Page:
Over the holiday season major U.S. retailers were hit by a massive security breach which lead to data of millions of customers being compromised. The Target hack alone compromised data, including but not limited to credit and debit card numbers, of more than 70 million people. While the retailer has offered them an olive branch and is helping out in investigations being carried out by the Secret Service and the Department of Justice, some critics hold the view that Target should have done more, particularly when it came to notifying everyone. Today the U.S. Attorney General Eric Holder has called on Congress for a law on quick declaration of data breaches.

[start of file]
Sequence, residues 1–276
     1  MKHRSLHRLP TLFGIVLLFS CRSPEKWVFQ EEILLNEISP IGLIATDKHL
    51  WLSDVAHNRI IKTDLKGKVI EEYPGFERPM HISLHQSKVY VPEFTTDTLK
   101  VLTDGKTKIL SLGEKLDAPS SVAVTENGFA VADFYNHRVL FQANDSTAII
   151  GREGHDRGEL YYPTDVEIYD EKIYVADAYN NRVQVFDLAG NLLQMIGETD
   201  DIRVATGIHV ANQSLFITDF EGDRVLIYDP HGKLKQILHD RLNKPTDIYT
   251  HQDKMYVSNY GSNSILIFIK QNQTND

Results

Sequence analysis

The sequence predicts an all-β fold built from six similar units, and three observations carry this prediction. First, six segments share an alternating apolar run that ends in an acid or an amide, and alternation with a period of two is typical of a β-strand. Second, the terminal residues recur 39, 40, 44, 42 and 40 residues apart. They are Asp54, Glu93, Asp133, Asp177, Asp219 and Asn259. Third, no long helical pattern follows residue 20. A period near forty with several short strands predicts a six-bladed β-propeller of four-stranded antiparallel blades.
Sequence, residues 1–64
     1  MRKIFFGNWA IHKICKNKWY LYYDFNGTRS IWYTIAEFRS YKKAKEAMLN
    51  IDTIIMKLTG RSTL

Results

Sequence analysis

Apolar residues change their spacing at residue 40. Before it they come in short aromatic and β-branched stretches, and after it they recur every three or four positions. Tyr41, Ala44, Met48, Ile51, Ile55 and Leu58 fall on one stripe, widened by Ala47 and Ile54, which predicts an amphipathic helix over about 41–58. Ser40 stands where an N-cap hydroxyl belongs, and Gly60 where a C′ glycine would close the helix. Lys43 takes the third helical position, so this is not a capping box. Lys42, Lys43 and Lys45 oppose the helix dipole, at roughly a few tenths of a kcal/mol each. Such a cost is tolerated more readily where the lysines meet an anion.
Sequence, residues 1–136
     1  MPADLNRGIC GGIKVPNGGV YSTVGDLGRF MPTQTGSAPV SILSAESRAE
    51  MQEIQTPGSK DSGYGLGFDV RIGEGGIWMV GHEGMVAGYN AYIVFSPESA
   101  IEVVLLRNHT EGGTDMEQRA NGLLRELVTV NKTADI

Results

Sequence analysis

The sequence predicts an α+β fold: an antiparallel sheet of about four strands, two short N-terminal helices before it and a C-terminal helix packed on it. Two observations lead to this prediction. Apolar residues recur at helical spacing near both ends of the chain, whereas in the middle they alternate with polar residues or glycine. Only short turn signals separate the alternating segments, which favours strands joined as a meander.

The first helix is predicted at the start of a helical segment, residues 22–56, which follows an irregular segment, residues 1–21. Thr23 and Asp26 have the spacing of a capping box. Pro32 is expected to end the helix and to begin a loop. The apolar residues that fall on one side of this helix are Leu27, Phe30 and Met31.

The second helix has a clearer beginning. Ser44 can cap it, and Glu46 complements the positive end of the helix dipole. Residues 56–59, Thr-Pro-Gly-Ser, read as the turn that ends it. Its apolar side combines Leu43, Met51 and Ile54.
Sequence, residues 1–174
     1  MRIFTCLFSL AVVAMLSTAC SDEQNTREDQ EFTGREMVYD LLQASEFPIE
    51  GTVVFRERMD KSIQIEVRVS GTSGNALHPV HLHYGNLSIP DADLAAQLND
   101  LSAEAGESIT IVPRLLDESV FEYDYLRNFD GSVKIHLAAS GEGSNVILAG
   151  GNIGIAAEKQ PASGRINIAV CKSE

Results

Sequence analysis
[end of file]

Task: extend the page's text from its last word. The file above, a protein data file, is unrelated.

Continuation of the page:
The proposed legislation would, in theory, bolster the Justice Department’s ability to “combat crime, ensure individual privacy and prevent identity theft,” while also bringing cybercriminals to justice. This legislation would exempt firms from having to report low-risk breaches, but its going to be tough on the firms that don’t swiftly send out an alert when a large scale data breach occurs or those who haven’t done enough to protect data. Since 45 states already have similar laws in place, its not that this legislation is absolutely critical to curtail the menace of cybercrimes. However, what it will do is create a national standard that holds corporations accountable for alerting consumers when there has been a data breach.